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Bugle


A common flower of damp woodlands and meadows in spring flowering for a short time in May and possibly in to early June.


 

  • Bugle: the carpenters herb

    Post date: Saturday, 14 March, 2015 - 00:00

    Bugle (Ajuga reptans) is a common flower of damp woodlands and meadows in spring and is common across Dorset in such habitat. It flowers for a short time in May and possibly in to early June.

    One needs to be a bit careful as it looks, at first glance, a bit like Ground-ivy and it is, indeed, closely related; they are both labiates (the mint family) . A more detailed look will quickly tell you it is not Ground-ivy, the plant being usually taller, the flowers larger and a darker blue and the stem being darkish in colour, almost a dark red and the leaves often have a purple tinge to them. Ground-ivy has a much longer flowering season and grows in drier habitat.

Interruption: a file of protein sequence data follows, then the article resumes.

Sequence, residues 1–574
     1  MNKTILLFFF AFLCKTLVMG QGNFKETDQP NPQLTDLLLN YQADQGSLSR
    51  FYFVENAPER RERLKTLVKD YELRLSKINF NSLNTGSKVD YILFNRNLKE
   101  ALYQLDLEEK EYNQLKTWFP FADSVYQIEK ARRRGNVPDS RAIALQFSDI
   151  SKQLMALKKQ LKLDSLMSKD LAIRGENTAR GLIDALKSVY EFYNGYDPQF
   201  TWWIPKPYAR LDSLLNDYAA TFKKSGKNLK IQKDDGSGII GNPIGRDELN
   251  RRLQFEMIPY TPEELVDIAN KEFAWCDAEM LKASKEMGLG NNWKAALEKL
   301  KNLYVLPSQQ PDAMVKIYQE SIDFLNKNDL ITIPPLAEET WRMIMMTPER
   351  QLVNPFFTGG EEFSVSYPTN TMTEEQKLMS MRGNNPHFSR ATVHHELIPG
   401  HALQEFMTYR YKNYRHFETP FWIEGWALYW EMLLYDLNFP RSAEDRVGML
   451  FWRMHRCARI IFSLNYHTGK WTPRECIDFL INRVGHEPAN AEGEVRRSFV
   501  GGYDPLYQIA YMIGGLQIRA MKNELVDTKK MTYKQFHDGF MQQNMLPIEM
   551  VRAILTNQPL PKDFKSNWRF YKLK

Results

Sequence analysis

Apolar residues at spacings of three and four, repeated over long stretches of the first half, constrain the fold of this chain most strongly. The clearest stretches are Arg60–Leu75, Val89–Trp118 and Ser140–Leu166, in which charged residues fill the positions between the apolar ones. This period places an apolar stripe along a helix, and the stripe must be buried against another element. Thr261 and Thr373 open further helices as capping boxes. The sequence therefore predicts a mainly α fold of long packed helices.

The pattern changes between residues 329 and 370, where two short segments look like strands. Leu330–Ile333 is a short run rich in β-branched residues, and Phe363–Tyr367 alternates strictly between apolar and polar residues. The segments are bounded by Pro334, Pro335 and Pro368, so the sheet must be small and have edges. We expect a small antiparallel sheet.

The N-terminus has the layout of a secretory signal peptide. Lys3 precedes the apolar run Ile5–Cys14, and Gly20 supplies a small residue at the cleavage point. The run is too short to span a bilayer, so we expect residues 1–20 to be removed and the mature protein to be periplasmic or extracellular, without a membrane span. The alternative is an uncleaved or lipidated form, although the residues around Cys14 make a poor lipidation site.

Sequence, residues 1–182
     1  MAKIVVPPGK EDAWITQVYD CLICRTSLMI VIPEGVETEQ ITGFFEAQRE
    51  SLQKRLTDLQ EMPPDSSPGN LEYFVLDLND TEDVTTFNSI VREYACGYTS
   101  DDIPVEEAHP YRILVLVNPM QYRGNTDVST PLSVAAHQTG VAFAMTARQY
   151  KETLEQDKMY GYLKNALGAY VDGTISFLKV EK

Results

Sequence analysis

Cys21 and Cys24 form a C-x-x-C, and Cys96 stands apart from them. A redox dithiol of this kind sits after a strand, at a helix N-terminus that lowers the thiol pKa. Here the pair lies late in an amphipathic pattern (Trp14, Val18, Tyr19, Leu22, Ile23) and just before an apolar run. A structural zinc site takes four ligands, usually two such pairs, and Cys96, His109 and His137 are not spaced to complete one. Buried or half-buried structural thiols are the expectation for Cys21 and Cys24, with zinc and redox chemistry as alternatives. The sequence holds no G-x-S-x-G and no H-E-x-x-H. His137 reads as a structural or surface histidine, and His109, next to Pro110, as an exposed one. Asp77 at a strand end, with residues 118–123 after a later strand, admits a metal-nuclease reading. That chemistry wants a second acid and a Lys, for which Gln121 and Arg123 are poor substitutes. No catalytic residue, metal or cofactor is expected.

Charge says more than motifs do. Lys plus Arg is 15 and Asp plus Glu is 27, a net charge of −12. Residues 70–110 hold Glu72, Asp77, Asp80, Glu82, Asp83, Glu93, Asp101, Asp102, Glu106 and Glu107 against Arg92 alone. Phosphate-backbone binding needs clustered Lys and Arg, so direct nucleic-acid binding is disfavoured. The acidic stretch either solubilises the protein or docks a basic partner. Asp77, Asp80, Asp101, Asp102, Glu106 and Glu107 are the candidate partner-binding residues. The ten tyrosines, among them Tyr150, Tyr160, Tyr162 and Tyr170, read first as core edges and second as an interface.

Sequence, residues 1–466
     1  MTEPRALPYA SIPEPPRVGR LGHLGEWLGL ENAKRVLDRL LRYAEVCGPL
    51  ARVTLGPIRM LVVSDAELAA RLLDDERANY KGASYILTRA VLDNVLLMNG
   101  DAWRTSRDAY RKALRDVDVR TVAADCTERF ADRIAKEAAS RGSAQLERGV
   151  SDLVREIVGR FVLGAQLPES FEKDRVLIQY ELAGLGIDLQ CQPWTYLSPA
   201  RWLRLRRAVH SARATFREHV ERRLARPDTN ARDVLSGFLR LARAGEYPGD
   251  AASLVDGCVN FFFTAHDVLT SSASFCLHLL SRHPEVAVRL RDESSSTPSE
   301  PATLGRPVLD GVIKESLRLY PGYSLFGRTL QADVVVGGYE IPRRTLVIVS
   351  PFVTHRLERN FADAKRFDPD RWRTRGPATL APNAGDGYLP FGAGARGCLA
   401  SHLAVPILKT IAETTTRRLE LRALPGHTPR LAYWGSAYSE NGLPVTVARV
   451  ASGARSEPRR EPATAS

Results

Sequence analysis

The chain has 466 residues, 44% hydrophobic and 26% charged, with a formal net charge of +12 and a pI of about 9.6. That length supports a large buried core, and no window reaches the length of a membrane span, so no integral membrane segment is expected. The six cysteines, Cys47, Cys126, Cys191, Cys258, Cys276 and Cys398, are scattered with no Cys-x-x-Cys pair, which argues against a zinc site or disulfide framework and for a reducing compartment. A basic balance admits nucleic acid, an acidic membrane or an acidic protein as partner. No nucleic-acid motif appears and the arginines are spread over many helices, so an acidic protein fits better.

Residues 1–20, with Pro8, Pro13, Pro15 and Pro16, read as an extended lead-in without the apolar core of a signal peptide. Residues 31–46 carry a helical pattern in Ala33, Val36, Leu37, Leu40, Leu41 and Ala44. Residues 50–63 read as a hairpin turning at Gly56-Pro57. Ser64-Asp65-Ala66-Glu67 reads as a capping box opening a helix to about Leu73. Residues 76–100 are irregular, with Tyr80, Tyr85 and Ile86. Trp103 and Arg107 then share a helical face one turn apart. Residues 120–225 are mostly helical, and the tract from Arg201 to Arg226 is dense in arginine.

Bugle is a nectar source for many insects and is a primary source of nectar for the now rare pearl-bordered fritillary. It has also been cross bred to make a number of cultivated species in gardens,

    Why it is called Bugle I have no idea, perhaps it is those long 'trumpet like' flowers? However, my good friend Wikipedia says that it is also known as the carpenter's herb due to its supposed ability to stem bleeding - sounds like me with a chisel!

     

Common Name Bugle
Scientific Name Ajuga reptans
Species Group Deadnettle Family Lamiaceae
Status
Interest Level
2
Visabile
Look for
Identification Notes
Primary Habitat
Family Mint family - Labiatae
Status Occasional
Flower Colour Group Blue
Visible
  • 04 - April
  • 05 - May
  • 06 - June
Preferred Environment
Look for Whorls of blue flowers o a red square stem
Additional Identification Notes
Similar Species

The records for this species have been organised into reports, charts, maps and photos. Click a pic below to see the detail:

Notebook Distribution Map Sites List Some Charts Some Photographs Recent Records Guidance Notes

To see related species click here: 

Deadnettle Family Lamiaceae